August 31, 2022
by Carla Hay
Directed by Bianca Stigter
Some language in Polish with subtitles
Culture Representation: In the documentary film “Three Minutes—A Lengthening,” an all-white group of people (some who are American, some who are European) talk about a 1938 three-minute film of residents of Nasielsk, Poland, a city that was devastated by the Holocaust and other Nazi oppression.
Culture Clash: Most of the city’s Jewish residents were either murdered or displaced because of the Holocaust.
Culture Audience: “Three Minutes—A Lengthening” will appeal mainly to people who are interested in personal and intimate stories about the Holocaust and Polish history.
The documentary “Three Minutes—A Lengthening” has a three-minute, amateur silent film as its centerpiece, but this non-fiction movie is an effective story of the long-lasting and devastating effects of the Holocaust. The three-minute film was taken in 1938, and it shows less than two dozen residents of Nasielsk, Poland, which had a population of about 7,000 people at the time. Of those 7,000 residents, about 3,000 were Jewish people. By the end of World War II in 1945, most of the Jewish people of Nasielsk would be murdered or displaced because of the Holocaust.
Directed by Bianca Stigter and narrated by Helena Bonham Carter, “Three Minutes—A Lengthening” begins by showing the three-minute film, which is a montage of people gathered outside. Most of the people in the three-minute film are aware of the camera and seem to be fascinated by it, since hand-held film cameras were considered a new invention at the time. It’s a “slice of life” film that shows everyday people going about their lives and reacting to being filmed. It’s even more poignant knowing that the people in the movie had no idea about the death and destruction that would come with the Nazi invasion of Poland in September 1939.
The person who recorded the film was David Kurtz, a Polish native (born in 1988) who immigrated to the United States, where he lived in Brooklyn, New York. At the time, Kurtz was on a European vacation with his wife and three friends named Mr. and Mrs Louis Melina and S.E. Diamond, who Louis Melina’s older sister. Poland was an unexpected detour on this trip. Kurtz took his film camera with him, not knowing at the time that these would be the last photographic images of many of the Nasielsk residents before the Holocaust.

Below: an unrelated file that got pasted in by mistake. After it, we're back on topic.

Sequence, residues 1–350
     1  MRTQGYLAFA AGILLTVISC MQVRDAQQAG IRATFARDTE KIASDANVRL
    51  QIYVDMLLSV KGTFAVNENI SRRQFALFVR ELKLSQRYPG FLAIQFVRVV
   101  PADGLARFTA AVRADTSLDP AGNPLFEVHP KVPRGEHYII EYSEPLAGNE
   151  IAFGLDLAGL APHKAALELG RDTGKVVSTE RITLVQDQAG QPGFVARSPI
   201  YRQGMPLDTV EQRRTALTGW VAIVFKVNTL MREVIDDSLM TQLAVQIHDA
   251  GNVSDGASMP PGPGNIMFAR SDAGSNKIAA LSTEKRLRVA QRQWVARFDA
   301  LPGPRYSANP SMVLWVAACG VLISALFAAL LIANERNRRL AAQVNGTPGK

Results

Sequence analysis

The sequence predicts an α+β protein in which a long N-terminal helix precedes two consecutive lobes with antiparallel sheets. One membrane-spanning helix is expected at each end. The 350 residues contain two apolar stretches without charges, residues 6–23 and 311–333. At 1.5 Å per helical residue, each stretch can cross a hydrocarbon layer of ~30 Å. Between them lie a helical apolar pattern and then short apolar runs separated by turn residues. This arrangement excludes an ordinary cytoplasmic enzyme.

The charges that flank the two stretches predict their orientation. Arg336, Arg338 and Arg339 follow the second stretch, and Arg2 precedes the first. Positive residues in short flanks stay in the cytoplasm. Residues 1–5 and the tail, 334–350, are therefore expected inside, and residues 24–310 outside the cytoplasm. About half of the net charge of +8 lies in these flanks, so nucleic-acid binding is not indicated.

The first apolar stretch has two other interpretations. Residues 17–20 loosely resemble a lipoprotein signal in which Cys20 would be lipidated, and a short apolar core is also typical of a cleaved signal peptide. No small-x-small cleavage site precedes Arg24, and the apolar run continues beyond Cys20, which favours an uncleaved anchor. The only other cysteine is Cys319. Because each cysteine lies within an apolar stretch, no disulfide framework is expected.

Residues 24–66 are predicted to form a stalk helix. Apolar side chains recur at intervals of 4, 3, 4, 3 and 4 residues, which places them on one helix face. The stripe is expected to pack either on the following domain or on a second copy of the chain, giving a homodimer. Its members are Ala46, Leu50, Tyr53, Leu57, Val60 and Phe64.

Decades later, David’s grandson Glenn Kurtz found the footage and donated it to the U.S. Holocaust Memorial Museum. Glenn is the main commentator of “Three Minutes—A Lengthening,” who tells his stories about his quest to find anyone from the film who was still alive or anyone who had more information about the people in the three-minute film. “Three Minutes—A Lengthening” also includes commentary from Maurice Chandler, who was in the three-minute film when he was a 13-year-old boy.
Everyone commenting in “Three Minutes—A Lengthening” is heard only in voiceover. Other interviewees include Andrzej Lubieniecki (who lived from 1919 to 2017), a former resident of Nasielsk; Evelyn Chandler Rosen (Maurice Chandler’s daughter); Marcy Rosen (Maurice Chandler’s granddaughter); author Zdzisław Suwiński; and author Katarzyna Kacprzak. Marcy Rosen was the one who contacted Glenn Kurtz to inform him that her grandfather Maurice was in the three-minute film.
“Three Minutes—A Lengthening” starts off with lighthearted stories that give an analysis of what people were wearing and how it signified which type of Jewish clique they were in at the time. For example, boys who wore newsboy caps were supposed to be in a different clique than boys who wore black hats with short brims. But the stories gets darker and brutal when it’s described what eventually happened when Adolf Hitler’s Nazis invaded Nasielsk. These are Holocaust stories that have been told before, but they are no less impactful in a 72-minute movie like “Three Minutes—A Lengthening.”
Super LTD released “Three Minutes—A Lengthening” in select U.S. cinemas on August 19, 2022.